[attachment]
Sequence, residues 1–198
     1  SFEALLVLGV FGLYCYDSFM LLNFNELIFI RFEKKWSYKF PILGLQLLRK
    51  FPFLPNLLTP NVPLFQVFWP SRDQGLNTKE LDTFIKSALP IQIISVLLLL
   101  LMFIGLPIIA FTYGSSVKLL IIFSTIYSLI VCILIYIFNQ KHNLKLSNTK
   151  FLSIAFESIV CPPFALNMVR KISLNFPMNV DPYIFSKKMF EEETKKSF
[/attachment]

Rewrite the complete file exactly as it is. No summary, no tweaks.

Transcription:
Sequence, residues 1–198
     1  SFEALLVLGV FGLYCYDSFM LLNFNELIFI RFEKKWSYKF PILGLQLLRK
    51  FPFLPNLLTP NVPLFQVFWP SRDQGLNTKE LDTFIKSALP IQIISVLLLL
   101  LMFIGLPIIA FTYGSSVKLL IIFSTIYSLI VCILIYIFNQ KHNLKLSNTK
   151  FLSIAFESIV CPPFALNMVR KISLNFPMNV DPYIFSKKMF EEETKKSF